AUSTIN (KXAN) — 2018 saw several recalls on food products, ranging from E. Coli contaminated lettuce to beef tainted with salmonella. A new report from TexPIRG Education Fund shows that these recalls are evident of a large trend of issues with the country’s current food safety system.
According to the report, ever since the nation’s last significant food safety law was passed, the Food Safety Modernization Act, different types of food recalls have drastically increased. The report does state that scientific advances have led to more thorough investigations which results in some of the recalls, there are also gaps in our food safety system.
“The food we nourish our bodies with shouldn’t pose a serious health risk. But, systemic failures means we’re often rolling the dice when we go grocery shopping or eat out,” Texas Public Interest Research Group Education Fund Director Bay Scoggin said. “Serious health risks are preventable through common sense protections from farm to fork.”
Listed are some key findings from TexPIRG Education Fund’s report:
- Meat and poultry recalls that cause serious health problems have increased by 88 percent.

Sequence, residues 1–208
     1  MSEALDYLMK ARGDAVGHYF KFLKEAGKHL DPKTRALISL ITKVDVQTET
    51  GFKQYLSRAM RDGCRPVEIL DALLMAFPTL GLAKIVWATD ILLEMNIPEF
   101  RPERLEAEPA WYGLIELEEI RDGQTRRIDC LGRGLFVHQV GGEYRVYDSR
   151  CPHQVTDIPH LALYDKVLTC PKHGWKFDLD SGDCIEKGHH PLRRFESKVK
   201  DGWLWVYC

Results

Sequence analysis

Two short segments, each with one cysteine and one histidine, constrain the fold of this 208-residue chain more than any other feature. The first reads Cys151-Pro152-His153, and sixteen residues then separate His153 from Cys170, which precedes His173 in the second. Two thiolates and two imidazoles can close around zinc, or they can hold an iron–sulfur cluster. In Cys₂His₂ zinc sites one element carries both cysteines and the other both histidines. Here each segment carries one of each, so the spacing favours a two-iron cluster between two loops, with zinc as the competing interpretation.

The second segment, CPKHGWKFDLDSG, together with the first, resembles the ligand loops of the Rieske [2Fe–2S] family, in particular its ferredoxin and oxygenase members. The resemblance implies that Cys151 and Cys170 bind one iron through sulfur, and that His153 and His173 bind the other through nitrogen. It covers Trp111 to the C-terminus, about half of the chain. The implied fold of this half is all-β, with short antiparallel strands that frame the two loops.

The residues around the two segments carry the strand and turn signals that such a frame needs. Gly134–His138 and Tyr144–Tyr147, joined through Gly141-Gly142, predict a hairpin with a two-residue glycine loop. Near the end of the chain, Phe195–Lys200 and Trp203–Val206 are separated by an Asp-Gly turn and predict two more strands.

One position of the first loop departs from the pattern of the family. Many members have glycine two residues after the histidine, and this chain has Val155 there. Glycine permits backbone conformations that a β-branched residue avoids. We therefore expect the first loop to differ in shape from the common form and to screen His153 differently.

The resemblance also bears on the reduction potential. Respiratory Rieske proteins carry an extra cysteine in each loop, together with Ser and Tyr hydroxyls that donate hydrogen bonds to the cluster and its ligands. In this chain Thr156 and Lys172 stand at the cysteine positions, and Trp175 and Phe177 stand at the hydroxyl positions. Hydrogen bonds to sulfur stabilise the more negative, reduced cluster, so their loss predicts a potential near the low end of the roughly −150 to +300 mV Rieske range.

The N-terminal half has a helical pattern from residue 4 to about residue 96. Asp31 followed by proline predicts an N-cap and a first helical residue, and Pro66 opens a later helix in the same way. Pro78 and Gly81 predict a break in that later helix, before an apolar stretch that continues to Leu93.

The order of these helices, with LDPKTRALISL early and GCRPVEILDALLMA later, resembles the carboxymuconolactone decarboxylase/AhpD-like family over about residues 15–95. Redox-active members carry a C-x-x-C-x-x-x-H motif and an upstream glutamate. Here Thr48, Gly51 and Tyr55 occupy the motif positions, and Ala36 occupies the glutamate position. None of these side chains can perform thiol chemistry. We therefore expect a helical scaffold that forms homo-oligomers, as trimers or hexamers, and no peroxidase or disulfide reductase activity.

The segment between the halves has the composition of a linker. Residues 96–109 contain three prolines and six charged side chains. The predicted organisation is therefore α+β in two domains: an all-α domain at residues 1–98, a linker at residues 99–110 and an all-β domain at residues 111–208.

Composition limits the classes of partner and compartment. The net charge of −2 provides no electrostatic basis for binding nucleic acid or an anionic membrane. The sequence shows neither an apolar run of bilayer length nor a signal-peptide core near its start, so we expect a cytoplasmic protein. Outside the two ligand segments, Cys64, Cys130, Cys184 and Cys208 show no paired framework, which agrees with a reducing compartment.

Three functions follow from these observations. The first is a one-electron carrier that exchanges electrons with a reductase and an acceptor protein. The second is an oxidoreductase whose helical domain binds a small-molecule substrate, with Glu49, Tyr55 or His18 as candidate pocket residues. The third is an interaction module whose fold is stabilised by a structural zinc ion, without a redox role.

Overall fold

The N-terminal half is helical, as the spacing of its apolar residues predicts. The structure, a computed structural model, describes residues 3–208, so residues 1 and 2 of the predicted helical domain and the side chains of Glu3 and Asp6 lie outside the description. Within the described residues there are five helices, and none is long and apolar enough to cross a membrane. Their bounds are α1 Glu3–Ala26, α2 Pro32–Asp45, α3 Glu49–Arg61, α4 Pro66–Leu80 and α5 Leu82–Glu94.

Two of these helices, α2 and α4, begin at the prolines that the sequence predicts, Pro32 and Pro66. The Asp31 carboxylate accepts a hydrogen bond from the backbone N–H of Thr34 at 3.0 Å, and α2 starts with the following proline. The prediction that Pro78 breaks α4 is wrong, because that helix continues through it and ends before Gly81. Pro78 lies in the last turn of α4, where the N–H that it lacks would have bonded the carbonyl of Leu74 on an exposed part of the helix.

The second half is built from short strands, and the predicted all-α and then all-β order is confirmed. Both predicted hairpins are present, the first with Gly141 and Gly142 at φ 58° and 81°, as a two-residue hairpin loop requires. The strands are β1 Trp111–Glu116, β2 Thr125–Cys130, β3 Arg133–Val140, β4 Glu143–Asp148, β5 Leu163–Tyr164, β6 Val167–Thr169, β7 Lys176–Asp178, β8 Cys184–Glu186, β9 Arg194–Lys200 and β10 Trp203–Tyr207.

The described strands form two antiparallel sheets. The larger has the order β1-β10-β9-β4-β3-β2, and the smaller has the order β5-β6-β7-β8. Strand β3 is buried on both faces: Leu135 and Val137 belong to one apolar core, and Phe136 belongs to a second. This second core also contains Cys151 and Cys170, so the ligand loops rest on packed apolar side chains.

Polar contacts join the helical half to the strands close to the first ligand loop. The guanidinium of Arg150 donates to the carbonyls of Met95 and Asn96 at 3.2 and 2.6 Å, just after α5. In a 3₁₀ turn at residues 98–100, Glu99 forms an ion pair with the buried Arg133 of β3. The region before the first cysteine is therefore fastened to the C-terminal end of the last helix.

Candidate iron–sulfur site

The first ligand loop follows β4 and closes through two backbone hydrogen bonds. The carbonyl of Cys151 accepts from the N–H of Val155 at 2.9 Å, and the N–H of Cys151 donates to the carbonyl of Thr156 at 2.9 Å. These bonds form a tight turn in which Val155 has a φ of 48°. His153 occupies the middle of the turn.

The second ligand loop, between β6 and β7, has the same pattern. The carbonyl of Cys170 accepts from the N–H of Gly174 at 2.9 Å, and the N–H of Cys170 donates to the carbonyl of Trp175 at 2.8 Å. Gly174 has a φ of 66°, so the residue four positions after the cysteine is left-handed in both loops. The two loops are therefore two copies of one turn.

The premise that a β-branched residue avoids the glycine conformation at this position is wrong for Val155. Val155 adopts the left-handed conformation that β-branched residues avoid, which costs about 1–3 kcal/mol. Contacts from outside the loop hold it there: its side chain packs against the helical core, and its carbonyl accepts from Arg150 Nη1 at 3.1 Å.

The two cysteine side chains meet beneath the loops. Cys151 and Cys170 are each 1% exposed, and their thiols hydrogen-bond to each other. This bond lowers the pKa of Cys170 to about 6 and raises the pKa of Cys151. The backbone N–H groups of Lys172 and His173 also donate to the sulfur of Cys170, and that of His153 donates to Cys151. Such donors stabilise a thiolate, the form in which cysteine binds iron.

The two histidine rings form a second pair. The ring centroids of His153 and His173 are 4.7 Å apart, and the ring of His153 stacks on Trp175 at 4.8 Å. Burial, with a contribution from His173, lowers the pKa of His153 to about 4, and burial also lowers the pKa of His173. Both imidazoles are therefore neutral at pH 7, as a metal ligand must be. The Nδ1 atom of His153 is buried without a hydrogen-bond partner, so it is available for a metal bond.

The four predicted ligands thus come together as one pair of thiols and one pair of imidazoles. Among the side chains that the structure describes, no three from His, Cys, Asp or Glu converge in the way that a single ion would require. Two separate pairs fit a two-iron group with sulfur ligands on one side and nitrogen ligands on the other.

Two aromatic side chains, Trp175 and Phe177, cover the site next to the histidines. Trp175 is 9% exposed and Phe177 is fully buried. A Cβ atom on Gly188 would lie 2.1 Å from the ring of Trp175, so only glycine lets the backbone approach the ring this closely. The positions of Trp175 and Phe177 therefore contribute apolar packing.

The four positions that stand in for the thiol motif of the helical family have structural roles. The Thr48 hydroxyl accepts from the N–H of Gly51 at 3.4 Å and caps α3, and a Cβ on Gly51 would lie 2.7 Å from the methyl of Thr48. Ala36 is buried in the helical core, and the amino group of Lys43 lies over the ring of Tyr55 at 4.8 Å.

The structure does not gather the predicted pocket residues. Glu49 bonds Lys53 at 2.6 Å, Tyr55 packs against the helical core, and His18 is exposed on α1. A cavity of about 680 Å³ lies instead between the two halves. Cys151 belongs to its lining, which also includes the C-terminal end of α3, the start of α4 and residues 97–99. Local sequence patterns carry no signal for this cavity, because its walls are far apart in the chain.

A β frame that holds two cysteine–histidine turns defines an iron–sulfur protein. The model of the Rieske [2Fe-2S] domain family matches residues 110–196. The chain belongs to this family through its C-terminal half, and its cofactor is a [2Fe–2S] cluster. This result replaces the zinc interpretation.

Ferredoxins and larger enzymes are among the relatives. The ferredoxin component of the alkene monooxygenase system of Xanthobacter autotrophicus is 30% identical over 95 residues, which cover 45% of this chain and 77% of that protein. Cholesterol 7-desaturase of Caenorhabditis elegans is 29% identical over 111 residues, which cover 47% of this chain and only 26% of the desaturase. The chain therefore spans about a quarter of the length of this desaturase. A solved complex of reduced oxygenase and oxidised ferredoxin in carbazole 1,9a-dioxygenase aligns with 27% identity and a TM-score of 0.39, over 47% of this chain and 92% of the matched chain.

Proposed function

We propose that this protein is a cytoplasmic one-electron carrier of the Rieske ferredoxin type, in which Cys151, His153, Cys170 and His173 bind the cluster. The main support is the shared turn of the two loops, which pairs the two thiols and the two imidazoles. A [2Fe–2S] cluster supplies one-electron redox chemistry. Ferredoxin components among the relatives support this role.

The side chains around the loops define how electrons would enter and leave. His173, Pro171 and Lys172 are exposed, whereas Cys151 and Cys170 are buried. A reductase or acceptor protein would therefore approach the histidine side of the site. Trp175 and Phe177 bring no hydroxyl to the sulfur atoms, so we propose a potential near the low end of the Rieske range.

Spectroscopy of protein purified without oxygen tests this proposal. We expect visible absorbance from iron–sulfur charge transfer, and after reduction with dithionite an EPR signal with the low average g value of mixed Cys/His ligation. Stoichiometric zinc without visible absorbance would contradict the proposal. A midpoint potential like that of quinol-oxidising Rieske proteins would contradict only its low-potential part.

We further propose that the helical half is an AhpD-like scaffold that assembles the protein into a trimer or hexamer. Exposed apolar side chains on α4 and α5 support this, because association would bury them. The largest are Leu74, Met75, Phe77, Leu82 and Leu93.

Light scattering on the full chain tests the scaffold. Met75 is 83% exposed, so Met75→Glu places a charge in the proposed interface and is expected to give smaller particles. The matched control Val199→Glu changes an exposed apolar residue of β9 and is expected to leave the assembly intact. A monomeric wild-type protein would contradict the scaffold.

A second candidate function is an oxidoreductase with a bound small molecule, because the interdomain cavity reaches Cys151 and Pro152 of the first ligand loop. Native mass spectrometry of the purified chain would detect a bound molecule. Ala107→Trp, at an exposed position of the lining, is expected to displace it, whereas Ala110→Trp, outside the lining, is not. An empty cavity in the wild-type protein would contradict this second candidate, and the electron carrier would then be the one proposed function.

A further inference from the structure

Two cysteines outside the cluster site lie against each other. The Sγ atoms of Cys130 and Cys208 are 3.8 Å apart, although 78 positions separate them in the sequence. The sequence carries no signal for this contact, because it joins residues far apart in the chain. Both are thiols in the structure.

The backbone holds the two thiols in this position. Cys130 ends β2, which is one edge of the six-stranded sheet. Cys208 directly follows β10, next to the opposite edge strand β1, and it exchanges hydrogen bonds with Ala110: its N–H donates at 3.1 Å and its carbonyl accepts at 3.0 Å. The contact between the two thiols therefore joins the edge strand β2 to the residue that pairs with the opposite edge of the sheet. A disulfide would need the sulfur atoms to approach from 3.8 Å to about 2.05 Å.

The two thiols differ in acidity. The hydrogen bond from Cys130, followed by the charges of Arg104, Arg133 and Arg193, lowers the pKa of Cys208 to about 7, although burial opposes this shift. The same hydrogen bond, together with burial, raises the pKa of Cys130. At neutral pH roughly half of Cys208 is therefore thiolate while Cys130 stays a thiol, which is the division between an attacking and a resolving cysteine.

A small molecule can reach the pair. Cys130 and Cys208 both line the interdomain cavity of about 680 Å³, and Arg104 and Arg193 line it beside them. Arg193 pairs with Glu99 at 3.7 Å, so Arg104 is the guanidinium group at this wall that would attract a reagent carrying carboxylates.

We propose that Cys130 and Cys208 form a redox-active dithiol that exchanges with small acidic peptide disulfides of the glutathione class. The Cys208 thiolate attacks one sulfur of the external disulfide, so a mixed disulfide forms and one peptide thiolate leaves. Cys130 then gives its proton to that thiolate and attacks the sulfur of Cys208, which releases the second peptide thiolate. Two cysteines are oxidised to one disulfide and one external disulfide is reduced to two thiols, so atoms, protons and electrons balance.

- There has been a 24 percent increase in food recalls from 2013 to 2017.
- Certain antiquated laws allow meat producers to sell contaminated products.
- Irrigation water polluted by fecal matter from cattle caused the E. Coli romaine lettuce recall back in the spring of 2018.
“Texas Physicians for Social Responsibility is alarmed at recent data from the Food and Drug Administration (FDA) and Department of Agriculture’s (USDA) Food Safety and Inspection Service (FSIS) showing a sharp increase in the number of food recalls, especially those most likely to cause a health hazard or death,” said Steve Mckee, Director of Texas Physicians for Social Responsibility.
You can read the TexPIRG Education Fund’s full report here.